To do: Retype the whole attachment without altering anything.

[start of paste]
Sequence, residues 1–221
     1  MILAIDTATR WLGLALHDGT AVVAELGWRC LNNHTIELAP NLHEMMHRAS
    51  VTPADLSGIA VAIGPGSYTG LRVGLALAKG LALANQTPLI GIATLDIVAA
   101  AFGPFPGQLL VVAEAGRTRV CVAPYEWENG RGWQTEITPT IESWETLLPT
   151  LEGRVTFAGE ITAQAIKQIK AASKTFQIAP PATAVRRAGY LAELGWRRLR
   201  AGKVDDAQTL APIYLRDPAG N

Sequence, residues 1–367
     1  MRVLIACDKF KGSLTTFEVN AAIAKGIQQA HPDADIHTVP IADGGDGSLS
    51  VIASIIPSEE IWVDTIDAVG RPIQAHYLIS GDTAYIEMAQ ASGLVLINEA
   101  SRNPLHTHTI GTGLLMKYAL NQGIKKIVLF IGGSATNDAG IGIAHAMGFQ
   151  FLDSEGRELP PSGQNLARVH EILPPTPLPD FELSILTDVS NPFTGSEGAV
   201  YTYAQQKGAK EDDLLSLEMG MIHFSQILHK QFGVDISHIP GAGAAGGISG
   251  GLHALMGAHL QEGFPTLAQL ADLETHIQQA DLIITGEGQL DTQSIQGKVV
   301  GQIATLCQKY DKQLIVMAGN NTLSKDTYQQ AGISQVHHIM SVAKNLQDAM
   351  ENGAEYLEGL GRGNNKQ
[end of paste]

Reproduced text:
Sequence, residues 1–221
     1  MILAIDTATR WLGLALHDGT AVVAELGWRC LNNHTIELAP NLHEMMHRAS
    51  VTPADLSGIA VAIGPGSYTG LRVGLALAKG LALANQTPLI GIATLDIVAA
   101  AFGPFPGQLL VVAEAGRTRV CVAPYEWENG RGWQTEITPT IESWETLLPT
   151  LEGRVTFAGE ITAQAIKQIK AASKTFQIAP PATAVRRAGY LAELGWRRLR
   201  AGKVDDAQTL APIYLRDPAG N

Sequence, residues 1–367
     1  MRVLIACDKF KGSLTTFEVN AAIAKGIQQA HPDADIHTVP IADGGDGSLS
    51  VIASIIPSEE IWVDTIDAVG RPIQAHYLIS GDTAYIEMAQ ASGLVLINEA
   101  SRNPLHTHTI GTGLLMKYAL NQGIKKIVLF IGGSATNDAG IGIAHAMGFQ
   151  FLDSEGRELP PSGQNLARVH EILPPTPLPD FELSILTDVS NPFTGSEGAV
   201  YTYAQQKGAK EDDLLSLEMG MIHFSQILHK QFGVDISHIP GAGAAGGISG
   251  GLHALMGAHL QEGFPTLAQL ADLETHIQQA DLIITGEGQL DTQSIQGKVV
   301  GQIATLCQKY DKQLIVMAGN NTLSKDTYQQ AGISQVHHIM SVAKNLQDAM
   351  ENGAEYLEGL GRGNNKQ